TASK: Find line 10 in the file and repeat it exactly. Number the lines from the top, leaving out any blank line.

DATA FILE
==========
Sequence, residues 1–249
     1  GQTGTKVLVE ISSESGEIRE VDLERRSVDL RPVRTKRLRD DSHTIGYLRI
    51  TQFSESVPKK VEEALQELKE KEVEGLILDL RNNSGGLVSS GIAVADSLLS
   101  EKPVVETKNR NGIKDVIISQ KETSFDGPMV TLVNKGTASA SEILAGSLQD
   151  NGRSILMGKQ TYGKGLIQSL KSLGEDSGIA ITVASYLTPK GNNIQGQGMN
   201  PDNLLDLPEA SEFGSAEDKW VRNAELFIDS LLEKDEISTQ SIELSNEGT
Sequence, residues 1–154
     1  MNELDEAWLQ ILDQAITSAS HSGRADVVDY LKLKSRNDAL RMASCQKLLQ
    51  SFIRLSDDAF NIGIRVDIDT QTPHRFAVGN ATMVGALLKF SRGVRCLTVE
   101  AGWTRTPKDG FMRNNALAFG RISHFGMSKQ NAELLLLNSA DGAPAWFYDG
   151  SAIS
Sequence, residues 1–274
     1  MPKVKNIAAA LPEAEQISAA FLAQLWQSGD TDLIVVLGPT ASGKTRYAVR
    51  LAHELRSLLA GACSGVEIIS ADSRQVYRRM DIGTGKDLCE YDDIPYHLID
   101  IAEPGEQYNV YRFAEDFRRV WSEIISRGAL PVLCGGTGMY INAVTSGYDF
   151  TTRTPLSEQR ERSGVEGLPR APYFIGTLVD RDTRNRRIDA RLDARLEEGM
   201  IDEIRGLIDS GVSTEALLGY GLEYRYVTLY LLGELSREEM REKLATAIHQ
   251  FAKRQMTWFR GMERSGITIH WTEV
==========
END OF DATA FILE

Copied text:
   101  AGWTRTPKDG FMRNNALAFG RISHFGMSKQ NAELLLLNSA DGAPAWFYDG